College Countdown: CMJ Top 1000, 1979 – 1989 — #80 to #78

80. That Petrol Emotion, Babble (1987)

Following the breakup of his band the Undertones, guitarist John O’Neill initially thought he was done with the music business. The punk group’s splitting had been acrimonious, in part because he and his brother and bandmate, Damian O’Neill, grew interested in writing more complicated songs than the punk bruisers that built the group’s reputation and fan base. John O’Neill moved back to him hometown of Derry, Ireland and secure a factory job to secure a steady paycheck. After a few months, though, the familiar itch to be part of the music scene started up again, and he attempted to scratch it by opening a club he termed an “alternative disco” with childhood friend Raymond O’Gorman. Instead of sating their appetite, playing new records in the cub made O’Neill want to strap on his guitar again. With O’Gorman, a fellow guitarist who previously played with local band Bam Bam and the Calling, O’Neill started assembling a crew. Naturally, Damian O’Neill wanted in, and was eager enough to switch from guitar to bass. With fellow local lad Ciaran McLaughlin added as a drummer, the foursome relocated to London where they came upon their lead singer, a Seattle native named Steve Mack who’d impulsively relocated to Europe shortly before graduating college, vague aspirations of playing in a band pinging in his noggin. Borrowing the title of a song from O’Gorman’s former band, this new group was called That Petrol Emotion.

Babble, That Petrol Emotion’s second album and first to be released in the U.S., is a fine representation of the instincts that stirred the band into being. There’s an inner forcefulness that’s a vestige of their punk rock beginnings, and it’s combined with exploratory wandering that does really suggest a DJ riffling through their record crate to find precisely the right hard but logical turn to keep the dance floor active. The dynamic is further enlivened by a politicized sensibility that brings more complex ideas into the lyrics. “Big Decision,” the album’s lead single, is essentially a call to action built on a chunky riff, assessing the state of the world with ire (“Economies gets weaker/ Reactionaries stronger/ As they get satisfaction on their knees”). For good measure, it ends with a rap breakdown.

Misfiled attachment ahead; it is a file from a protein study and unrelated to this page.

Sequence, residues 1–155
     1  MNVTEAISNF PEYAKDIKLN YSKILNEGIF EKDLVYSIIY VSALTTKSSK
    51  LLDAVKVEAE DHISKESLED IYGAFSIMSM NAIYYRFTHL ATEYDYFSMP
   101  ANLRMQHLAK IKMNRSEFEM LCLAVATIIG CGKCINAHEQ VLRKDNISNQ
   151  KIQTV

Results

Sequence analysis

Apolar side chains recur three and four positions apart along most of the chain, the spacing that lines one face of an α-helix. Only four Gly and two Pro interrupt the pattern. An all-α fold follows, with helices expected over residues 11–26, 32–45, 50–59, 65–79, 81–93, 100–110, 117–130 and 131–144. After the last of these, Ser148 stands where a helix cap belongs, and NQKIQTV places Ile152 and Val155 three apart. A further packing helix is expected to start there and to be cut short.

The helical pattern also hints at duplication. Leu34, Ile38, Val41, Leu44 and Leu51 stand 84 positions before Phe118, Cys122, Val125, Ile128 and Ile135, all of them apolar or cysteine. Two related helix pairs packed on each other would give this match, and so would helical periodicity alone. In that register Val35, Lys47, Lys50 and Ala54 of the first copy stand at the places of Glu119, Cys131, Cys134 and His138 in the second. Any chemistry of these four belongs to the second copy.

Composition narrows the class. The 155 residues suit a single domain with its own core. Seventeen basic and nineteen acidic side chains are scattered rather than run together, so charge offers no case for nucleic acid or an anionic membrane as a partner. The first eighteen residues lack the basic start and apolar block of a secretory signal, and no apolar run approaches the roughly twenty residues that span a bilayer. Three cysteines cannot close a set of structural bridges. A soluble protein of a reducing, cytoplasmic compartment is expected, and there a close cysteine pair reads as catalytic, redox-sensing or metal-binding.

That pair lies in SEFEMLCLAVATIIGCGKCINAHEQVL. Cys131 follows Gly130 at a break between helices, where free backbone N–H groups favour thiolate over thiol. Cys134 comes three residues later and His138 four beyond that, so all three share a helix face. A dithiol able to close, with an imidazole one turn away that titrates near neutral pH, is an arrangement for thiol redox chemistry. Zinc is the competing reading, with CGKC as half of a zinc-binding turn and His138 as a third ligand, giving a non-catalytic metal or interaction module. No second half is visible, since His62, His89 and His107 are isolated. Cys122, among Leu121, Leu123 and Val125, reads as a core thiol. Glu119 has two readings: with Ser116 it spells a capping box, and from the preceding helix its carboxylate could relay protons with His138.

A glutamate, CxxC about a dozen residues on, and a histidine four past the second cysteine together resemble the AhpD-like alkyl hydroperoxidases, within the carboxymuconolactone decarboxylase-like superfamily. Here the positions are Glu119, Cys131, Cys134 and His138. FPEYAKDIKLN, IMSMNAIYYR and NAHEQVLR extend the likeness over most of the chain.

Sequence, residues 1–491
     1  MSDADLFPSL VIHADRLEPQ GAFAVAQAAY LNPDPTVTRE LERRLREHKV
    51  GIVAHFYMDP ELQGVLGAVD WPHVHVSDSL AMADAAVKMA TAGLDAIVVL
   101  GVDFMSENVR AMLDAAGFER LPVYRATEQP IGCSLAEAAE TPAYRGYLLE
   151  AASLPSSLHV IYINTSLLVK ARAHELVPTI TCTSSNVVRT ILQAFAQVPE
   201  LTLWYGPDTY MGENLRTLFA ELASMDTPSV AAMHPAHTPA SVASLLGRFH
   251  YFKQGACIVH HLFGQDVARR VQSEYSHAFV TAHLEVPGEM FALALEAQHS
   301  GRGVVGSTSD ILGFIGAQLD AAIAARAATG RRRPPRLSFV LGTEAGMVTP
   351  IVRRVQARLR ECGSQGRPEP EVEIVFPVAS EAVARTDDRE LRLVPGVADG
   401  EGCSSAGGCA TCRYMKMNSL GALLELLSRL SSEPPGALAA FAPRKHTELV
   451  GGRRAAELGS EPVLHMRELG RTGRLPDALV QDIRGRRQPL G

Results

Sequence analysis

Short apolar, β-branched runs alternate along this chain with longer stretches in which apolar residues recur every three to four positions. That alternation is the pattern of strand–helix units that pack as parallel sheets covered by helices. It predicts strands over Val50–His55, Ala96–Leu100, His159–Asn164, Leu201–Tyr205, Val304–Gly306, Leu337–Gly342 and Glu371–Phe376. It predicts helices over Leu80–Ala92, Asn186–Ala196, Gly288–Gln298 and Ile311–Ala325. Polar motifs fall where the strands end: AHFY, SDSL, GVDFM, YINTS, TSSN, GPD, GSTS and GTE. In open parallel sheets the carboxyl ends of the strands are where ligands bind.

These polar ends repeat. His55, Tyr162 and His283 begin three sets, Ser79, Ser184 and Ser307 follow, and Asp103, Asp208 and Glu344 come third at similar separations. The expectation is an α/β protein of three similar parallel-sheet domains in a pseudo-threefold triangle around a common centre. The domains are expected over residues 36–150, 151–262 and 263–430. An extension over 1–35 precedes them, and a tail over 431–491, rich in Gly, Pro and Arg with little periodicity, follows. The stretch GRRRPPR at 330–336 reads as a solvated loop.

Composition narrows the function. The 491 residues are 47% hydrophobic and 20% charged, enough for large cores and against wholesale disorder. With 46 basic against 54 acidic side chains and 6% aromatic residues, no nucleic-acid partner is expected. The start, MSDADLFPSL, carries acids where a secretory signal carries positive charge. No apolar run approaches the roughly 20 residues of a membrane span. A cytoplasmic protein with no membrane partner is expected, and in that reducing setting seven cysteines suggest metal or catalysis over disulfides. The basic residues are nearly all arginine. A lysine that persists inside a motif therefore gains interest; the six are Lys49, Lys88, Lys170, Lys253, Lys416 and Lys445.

At times on the record, That Petrol Emotion approach abrasion. “Static” has a synthesized rhythm part that’s like a gremlin sawing on a nerve, and “Creeping to the Cross” presents a mild version of industrial pop. They test the listener a different way with the frantic, sound effect-speckled “Split!” The prevailing vibe to the music is raise-the-roof power rendered with variety, whether the murky groove of “Swamp” or the jingly dirge “Inside.”